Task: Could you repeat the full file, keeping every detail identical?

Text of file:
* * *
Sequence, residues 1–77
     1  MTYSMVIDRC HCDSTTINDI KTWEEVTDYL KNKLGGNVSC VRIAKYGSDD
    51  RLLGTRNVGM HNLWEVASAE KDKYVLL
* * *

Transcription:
Sequence, residues 1–77
     1  MTYSMVIDRC HCDSTTINDI KTWEEVTDYL KNKLGGNVSC VRIAKYGSDD
    51  RLLGTRNVGM HNLWEVASAE KDKYVLL